February 28, 2018 Maria Verdin

DTLA Revitalization: A Two-Sided Issue

Aerial view of a Downtown Los Angeles at sunset


Downtown Los Angeles (DTLA) generated a lot of good news in 2017.

“Downtown Los Angeles is undergoing its largest construction boom in modern times,” the Los Angeles Times reported. Forbes followed up on that, proclaiming “Downtown Los Angeles is America’s Most Colorful Neighborhood.” Meanwhile, “the revitalization of downtown Los Angeles alongside the city’s longtime reputation for its sunny climate has propelled it into the Top 10 ‘Best City Brands’ in the world,” the Los Angeles Business Journal crowed.

Thanks to revitalization, repurposing and renovation, DTLA is a vastly different submarket than even before the Great Recession. The population is expanding. This, in turn, is attracting restaurants, entertainment spots and businesses.

One crowning achievement was the 2017 opening of the Wilshire Grand Center on Wilshire Boulevard, the 73-story skyscraper boasting an 889-room InterContinental hotel, perched atop 365,141 square feet of office space in the Financial District. Built by Korean Air at a $1.1 billion cost, the project is representative of the submarket’s improvement. But with any regentrification efforts, there are concerns, and DTLA is no different. As DTLA is being built up, lower- and middle-class people are being pushed out.

What’s Hot

With investment dollars flowing from domestic and foreign investors, plenty of development plans are in the approval phase, while cranes climb to the sky.

Construction recently launched on Park Fifth tower, a 24-story development with apartments and ground-floor retail, situated across from Pershing Square. Work continues on Circa, a two-tower, 35-story property that will boast 648 residential units, and 48,000 square feet of retail/restaurant space.

The renovation of the Ford Factory complex at Seventh Street and Santa Fe Avenue is moving forward in anticipation of the Warner Music Group’s arrival during summer 2018. Renovations are also underway on the former Title Insurance Building, an 11-story 1920s Art Deco property on Spring Street, which is being marketed as creative office space. Another renovation? The former May Company building on Eighth and Broadway is being converted into Broadway Trade Center, a 1.1-million, mixed-use project.

Meanwhile, projects on the drawing boards include a two-tower hotel development near the convention center, a massive upgrade on the Merritt Building, a renovation of the Music Center Plaza, and The Grand, Frank Gehry’s $950-million, mixed-use complex that will be built on a parking lot across from Walt Disney Concert Hall.

Crunching Numbers

Marcus & Millichap’s Multifamily Research Market Report for Q4 2017 said DTLA apartment vacancy was 6%, representing a year-over-year 260-basis-point boost, due to supply flowing into the submarket. Furthermore, effective rent growth stood at 4.5%.

On the office side, JLL’s year-end metrics pointed to a 17.2% vacancy and -76,749-square-foot absorption out of a 30.5 million-square-foot total inventory. CBRE’s numbers noted overall vacancy at 18.3% and net absorption of -2,366 square feet, with a total inventory of 31.3 million square feet. Research numbers differ, depending on how companies define submarkets. But both companies show double-digit office vacancies, with nothing more under construction, as of now.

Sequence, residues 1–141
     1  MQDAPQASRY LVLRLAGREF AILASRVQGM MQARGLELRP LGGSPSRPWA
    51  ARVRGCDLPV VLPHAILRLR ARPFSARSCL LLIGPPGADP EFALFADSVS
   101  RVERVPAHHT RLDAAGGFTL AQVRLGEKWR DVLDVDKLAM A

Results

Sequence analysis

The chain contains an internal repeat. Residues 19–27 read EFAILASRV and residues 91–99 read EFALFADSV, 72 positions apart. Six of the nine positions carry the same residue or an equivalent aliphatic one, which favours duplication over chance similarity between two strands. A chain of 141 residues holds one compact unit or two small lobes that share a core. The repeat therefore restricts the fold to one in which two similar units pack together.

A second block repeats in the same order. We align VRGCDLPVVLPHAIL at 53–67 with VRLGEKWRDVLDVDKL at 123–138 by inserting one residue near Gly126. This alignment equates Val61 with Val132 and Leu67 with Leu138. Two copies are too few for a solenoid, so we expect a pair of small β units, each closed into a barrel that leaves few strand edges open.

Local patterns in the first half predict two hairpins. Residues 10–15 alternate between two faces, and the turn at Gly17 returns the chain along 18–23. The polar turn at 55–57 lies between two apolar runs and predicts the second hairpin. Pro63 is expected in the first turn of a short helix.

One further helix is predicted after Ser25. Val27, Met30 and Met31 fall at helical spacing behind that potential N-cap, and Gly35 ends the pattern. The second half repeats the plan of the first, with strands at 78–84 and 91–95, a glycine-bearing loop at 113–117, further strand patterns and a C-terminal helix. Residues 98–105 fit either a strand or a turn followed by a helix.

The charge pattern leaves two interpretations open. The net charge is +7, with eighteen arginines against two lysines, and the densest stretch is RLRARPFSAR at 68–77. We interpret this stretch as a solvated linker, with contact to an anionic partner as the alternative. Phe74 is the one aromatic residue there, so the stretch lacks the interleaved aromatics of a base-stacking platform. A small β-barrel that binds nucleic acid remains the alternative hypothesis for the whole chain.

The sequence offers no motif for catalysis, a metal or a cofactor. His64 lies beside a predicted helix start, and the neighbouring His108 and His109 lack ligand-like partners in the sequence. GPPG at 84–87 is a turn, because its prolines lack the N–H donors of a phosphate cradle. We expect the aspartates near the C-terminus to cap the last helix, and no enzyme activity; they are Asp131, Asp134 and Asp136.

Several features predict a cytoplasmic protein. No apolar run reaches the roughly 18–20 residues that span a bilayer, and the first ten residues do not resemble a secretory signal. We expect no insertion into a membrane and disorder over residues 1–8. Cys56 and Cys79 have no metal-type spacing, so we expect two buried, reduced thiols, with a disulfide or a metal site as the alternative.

Issues of NIMBY and Skid Row

DTLA’s Arts District is undergoing a lot of new construction and renovations. One of these, At Mateo, is a $90-million development offering 50,000 square feet of office space and 130,000 square feet of retail and restaurants. Meanwhile, the 472-unit Aliso is rising on East Third Street.

Near the Arts District is skid row. Even with sparkling real estate projects being built just a stone’s throw away, skid row continues attracting the poor and disenfranchised. A recent article in the Daily Mail entitled “Welcome to Skid Row 2017,” details the lives of 20,000 homeless living on the streets.

Meanwhile, others are concerned that developments are taking away what is unique about DTLA neighborhoods. “After more than a century as a remarkably cohesive neighborhood of mid-rise buildings, the Historic Core is being littered with high-rise towers of twenty-to-thirty stories that will dwarf their neighbors,” the L.A. Conservancy noted.

Proposed developments are also leading to a “not-in-my-backyard,” or NIMBY, pushback. For years, the Society for the Preservation of Downtown Los Angeles and the Eastern Columbia Homeowners Association protested construction of the 450-unit Alexan Tower. The condo tower finally broke ground at Ninth and Hill Streets. L.A. Curbed expressed concerns, wondering how to prevent one of the area’s hottest neighborhoods from “becoming just another enclave of the superrich,” with new apartments renting for upwards of $3,000 for a one-bedroom unit. Low- and middle-income people have been unable to find places to live in “an area suddenly awash in a stunning number of pricey boutiques and restaurants,” L.A. Curbed said.

Tipping Point?

Though DTLA’s revitalization is making the area safer for live, work, and play; the downside is that housing options for lower- and middle-income residents is dwindling. It’s great that DTLA is attracting positive attention. However, pushing out residents who can’t afford to live in and around the CBD will do little to alleviate current problems, including traffic congestion and homelessness.